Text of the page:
Smallest acts can make the biggest difference

This post was originally going to be a tweet, but as I started writing, I realised it was never going to fit into 280 characters. I’ve been reflecting a lot lately on how the smallest acts can make the biggest difference; it’s impossible to know the enormous impact that a simple can change can have.

I have found this to be true in both my personal and work lives. I have written before about the impact one care coordinator had on my recovery several years ago; she presented me with a simple, hastily drawn picture that changed the way I saw my journey. She was trying to help me, but I’m sure she had no idea how much that single act would do to support me.

Sometimes, it’s the littlest things that matter the most. A friend shared a video with me recently about the reintroduction of wolves into Yellowstone National Park; consequently, a dying ecosystem was revived, the balance of life cycles restored. It doesn’t always take a miracle. Sometimes it just takes one tiny shift for wolves to change rivers. See video below

I’ve been lucky enough to work with the incredible staff on Kingsley Ward as part of the Quality Improvement projects I’ve been involved with. This has been a fantastic journey, but it started with a healthy dose of scepticism from the staff. I would love to be able to say that I was the person who motivated the sense of change and excitement for that change that gradually developed, but I can’t. The Ward Manager and her team brought an incredible sense of positivity and hard work to the project, through a series of small but deeply impactful moments and changes that have made a real difference on the ward.
The Ward Manager and her team brought an incredible sense of positivity and hard work to the project.

There are so many examples I could give - examples of a one act, one conversation, one small thing that can make such a significant difference. Many of the people who have made the greatest difference in my life probably have no idea that they have done it.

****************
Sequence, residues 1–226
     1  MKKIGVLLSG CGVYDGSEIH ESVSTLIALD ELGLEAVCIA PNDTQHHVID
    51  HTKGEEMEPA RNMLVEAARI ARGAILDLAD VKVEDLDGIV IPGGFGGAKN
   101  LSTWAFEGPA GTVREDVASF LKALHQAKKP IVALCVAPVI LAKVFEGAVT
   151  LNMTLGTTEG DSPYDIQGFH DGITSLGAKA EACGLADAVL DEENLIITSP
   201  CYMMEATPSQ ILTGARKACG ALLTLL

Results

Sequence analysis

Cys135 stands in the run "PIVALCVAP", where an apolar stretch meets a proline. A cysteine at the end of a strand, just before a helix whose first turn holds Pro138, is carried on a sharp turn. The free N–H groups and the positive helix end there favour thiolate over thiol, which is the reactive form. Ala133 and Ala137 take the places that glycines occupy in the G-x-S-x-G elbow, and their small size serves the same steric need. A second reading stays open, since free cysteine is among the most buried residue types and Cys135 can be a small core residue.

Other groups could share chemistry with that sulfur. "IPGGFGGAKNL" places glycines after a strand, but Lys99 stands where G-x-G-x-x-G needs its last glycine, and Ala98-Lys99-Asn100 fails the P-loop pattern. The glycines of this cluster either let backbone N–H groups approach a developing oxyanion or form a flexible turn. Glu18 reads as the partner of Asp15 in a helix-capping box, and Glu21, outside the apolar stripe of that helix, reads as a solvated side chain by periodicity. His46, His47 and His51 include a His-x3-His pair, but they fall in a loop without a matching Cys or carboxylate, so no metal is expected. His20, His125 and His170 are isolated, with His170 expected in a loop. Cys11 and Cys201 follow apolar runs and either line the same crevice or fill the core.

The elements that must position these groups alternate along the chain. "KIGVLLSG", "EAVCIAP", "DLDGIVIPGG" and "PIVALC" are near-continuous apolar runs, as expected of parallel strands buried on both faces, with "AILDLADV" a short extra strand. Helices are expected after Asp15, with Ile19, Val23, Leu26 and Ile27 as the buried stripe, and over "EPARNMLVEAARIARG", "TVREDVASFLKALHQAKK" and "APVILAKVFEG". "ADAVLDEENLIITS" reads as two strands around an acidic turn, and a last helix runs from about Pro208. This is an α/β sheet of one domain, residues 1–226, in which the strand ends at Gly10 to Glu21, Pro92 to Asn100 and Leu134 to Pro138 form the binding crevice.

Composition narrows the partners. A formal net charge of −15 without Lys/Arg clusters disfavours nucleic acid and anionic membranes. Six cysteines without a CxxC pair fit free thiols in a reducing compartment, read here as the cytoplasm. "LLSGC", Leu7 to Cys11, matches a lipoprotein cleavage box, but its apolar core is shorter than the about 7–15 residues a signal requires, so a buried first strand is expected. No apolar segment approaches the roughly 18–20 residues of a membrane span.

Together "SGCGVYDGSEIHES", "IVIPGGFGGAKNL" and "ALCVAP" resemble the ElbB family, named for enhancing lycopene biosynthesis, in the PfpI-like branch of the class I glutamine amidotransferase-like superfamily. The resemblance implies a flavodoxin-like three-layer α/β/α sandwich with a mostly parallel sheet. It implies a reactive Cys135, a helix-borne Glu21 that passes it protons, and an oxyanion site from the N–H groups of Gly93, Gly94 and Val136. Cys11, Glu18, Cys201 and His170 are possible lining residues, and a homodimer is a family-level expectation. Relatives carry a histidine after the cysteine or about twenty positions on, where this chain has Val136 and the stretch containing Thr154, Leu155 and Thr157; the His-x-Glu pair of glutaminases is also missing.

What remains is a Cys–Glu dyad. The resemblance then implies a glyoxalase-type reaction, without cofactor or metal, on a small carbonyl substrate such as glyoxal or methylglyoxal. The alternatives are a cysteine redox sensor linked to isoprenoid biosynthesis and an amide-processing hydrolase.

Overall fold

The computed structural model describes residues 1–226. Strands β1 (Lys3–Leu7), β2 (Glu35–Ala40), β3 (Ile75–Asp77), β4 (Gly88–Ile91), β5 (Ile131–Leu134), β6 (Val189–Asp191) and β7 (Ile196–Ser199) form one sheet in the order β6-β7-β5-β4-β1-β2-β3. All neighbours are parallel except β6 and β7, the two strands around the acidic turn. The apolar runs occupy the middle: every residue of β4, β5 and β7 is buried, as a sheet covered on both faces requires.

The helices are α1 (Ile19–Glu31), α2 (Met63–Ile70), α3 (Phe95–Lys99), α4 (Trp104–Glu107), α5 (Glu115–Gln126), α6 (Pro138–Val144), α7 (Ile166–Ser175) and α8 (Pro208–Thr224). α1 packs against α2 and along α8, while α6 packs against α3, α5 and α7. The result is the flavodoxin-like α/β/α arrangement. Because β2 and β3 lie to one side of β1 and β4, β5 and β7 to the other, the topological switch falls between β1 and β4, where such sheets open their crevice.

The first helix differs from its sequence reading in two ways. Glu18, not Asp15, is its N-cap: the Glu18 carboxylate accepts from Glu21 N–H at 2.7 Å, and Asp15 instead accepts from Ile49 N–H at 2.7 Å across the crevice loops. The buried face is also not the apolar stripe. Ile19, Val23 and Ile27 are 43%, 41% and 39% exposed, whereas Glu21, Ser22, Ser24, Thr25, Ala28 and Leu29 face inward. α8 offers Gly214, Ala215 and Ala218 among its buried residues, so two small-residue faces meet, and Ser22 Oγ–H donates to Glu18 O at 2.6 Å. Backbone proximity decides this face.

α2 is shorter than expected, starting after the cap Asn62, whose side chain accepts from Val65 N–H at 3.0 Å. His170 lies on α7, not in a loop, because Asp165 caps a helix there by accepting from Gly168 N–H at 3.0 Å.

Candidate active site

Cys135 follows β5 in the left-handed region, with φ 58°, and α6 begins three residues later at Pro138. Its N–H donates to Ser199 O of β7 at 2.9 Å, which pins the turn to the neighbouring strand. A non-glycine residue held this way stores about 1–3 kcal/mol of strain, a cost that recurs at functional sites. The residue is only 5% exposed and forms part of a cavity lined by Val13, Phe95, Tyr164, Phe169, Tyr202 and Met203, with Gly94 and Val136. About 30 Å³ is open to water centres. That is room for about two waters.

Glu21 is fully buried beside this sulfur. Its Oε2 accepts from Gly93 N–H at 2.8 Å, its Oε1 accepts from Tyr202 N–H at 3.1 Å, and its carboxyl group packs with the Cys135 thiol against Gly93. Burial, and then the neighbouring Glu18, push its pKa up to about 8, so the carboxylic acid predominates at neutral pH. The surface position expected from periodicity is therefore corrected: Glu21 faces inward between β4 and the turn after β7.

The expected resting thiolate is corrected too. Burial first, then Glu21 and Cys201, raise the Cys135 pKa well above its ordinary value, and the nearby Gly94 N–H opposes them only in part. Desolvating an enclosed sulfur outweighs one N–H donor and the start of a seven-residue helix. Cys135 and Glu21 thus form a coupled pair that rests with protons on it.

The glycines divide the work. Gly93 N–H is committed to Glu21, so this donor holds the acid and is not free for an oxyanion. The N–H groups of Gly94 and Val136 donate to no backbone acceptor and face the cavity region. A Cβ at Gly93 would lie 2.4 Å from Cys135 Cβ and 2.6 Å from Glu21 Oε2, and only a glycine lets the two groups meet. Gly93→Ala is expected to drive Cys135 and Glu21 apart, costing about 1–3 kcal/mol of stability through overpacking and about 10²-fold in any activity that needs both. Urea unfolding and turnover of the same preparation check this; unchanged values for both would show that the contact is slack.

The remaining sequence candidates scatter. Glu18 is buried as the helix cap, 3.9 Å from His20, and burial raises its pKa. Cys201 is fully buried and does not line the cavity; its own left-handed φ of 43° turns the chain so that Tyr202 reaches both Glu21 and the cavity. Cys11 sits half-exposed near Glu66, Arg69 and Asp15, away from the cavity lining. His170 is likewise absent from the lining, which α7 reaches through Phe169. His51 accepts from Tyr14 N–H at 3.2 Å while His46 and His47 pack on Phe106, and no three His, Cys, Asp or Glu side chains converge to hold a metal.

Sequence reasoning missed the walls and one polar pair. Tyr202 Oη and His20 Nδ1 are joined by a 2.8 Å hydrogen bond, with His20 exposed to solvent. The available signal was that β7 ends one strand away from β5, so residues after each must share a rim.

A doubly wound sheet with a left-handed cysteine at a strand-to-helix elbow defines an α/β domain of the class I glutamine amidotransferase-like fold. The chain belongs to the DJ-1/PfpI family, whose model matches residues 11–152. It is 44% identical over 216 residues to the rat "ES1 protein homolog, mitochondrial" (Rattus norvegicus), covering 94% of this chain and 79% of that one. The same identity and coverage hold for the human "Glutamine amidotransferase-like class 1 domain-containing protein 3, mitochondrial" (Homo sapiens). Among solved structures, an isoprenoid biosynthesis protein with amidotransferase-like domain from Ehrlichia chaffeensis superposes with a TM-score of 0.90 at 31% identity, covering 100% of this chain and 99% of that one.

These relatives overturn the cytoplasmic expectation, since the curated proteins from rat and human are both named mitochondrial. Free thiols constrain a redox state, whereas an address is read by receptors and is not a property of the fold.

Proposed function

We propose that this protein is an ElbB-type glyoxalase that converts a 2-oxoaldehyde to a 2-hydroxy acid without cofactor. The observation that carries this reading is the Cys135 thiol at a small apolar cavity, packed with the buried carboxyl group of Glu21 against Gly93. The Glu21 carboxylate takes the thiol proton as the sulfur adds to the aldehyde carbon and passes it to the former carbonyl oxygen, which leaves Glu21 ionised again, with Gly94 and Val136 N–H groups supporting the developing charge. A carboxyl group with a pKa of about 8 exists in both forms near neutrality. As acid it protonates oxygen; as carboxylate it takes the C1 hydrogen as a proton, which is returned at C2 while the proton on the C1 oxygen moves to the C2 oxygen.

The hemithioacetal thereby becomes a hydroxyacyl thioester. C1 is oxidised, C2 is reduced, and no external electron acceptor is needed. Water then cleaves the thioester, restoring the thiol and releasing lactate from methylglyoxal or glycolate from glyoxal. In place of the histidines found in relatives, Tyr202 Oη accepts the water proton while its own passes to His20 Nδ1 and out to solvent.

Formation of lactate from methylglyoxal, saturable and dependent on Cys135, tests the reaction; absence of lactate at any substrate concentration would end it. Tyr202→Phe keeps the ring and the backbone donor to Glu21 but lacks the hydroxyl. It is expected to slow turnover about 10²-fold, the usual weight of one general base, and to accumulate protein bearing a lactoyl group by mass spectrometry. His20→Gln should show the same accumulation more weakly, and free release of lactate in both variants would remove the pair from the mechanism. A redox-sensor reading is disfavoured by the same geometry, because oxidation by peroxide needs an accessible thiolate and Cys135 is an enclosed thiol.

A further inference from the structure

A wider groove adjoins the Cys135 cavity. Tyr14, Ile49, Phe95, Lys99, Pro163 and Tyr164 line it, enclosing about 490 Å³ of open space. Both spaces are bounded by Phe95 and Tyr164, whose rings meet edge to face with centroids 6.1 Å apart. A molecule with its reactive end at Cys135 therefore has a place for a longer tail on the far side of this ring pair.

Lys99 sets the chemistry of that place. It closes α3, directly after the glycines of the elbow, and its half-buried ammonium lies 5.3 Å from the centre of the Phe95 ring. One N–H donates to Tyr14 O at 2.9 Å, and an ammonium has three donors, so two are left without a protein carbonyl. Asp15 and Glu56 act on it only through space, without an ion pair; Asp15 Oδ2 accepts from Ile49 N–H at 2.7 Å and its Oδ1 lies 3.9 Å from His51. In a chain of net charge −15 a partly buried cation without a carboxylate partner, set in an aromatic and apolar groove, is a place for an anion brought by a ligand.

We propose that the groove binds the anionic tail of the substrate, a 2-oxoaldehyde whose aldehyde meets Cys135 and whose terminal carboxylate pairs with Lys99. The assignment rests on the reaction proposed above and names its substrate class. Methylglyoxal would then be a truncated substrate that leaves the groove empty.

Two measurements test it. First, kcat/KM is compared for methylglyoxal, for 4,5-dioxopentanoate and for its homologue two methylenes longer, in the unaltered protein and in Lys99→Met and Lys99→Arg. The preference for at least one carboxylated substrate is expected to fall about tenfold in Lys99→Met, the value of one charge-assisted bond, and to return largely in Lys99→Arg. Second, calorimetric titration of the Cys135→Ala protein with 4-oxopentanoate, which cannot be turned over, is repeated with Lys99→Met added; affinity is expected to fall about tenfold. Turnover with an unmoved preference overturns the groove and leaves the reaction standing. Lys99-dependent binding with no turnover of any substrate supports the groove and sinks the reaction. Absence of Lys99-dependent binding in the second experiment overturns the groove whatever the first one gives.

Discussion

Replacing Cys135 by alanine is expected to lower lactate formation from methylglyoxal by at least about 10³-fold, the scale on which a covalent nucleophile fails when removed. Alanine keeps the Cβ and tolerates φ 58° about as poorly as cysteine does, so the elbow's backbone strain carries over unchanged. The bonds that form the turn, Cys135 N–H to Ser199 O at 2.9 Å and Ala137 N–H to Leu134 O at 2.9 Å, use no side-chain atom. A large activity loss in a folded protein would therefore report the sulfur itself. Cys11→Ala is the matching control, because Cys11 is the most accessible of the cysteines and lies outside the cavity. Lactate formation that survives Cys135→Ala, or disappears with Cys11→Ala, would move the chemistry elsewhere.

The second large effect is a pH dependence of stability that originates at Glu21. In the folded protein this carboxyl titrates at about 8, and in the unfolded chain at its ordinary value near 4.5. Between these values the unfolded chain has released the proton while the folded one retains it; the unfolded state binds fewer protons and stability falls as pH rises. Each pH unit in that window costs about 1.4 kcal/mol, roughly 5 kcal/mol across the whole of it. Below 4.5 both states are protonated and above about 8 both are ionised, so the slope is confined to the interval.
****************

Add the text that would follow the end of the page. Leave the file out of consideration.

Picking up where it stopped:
For example, a colleague recently took the time to talk to me about some of the things that I struggle with. The conversation was fairly general and innocuous, discussing some of the science behind what I was experiencing. However, I found it incredibly insightful to really comprehend why I still struggle, to give me a deeper understanding of my own experiences. This new perspective is one which I know will be helpful during more difficult times; my colleague, however, probably had no idea what a profound difference she made, just by talking to me.

What has stuck with me is the message that we all have the power to make this kind of profound change in someone’s life. It only takes a small act to make an impact. It might be as simple as checking that someone is alright, asking twice. Maybe it’s taking a leap of faith and believing in something, like the team at Kingsley Ward did. Seeing this has given me hope.

It gives me a sense of hope to think that what I’ve been through in my life has been worth it, because I might be able to have the smallest positive impact on another person. It gives me hope to know that even the most seemingly inconsequential actions can have meaning to someone else. And sometimes, when things look the darkest, this hope is what gets me through.




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